SP-168 EXPLORING SPACE WITH A CAMERA

The upper portion of the figure is a mosaic of overlapping video pictures taken by Tiros I on May 19 and 20, 1960. Below it is the associated weather map showing three active storm systems: from left to right, a very intense one in the North Pacific, one on the west coast of the United States, and one in the Midwest. The cloud structure as seen by Tiros has been superimposed on the weather map. It is remarkable how closely the cloud systems delineate the weather systems. It is as if Nature were actually drawing her own weather map directly onto the Earth

The first Tiros (Television infrared Observational Satellite) began observations on April 1, 1960, that have figured prominently in meteorological progress ever since. It transmitted 22 592 pictures to Earth during its 1302 revolutions. The mosaic at the right illustrates the way many of those pictures were assembled and used.

From the very first, says MORRIS TEPPER, Deputy Director, Space Applications Program, NASA, "pictures taken by the Tiros satellites showed that the Earth's cloud cover was highly organized on a global scale. Coherent cloud systems were found to extend over thousands of miles and were related to other systems of similar dimensions. Moreover, it was soon readily apparent that these cloud patterns were in fact 'signatures' of weather systems.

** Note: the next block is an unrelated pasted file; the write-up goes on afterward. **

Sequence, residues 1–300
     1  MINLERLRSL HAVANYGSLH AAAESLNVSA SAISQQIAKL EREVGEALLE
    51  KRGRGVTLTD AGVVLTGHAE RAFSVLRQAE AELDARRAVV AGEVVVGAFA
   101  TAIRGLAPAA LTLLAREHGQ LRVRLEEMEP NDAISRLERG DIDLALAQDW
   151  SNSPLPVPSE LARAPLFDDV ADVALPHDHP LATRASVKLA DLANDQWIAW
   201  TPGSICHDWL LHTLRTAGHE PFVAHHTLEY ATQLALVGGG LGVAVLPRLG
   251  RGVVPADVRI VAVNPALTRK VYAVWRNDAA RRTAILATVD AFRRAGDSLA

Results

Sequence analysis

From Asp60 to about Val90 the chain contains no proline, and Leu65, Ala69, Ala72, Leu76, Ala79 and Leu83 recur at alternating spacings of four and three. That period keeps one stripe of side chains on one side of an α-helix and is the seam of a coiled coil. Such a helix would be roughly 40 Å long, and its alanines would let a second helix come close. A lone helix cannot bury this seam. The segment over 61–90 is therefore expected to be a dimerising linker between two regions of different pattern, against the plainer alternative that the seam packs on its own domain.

"The upper portion of the figure is a mosaic of overlapping video pictures taken by Tiros I on May 19 and 20, 1960. Below it is the associated weather map showing three active storm systems: from left to right, a very intense one in the North Pacific, one on the west coast of the United States, and one in the Midwest. The cloud structure as seen by Tiros has been superimposed on the weather map. It is remarkable how closely the cloud systems delineate the weather systems. It is as if Nature were actually drawing her own weather map directly onto the Earth."

Many more such mosaics were produced as the Tiros flights continued. The most significant milestone passed in these flights, says ROBERT M. RADOS, NASA's Tiros Project Manager, was "to demonstrate the feasibility of an operational meteorological satellite system and its application to regular worldwide weather analysis and forecasts, aimed toward increasing man's ability to understand and cope with his physical environment."


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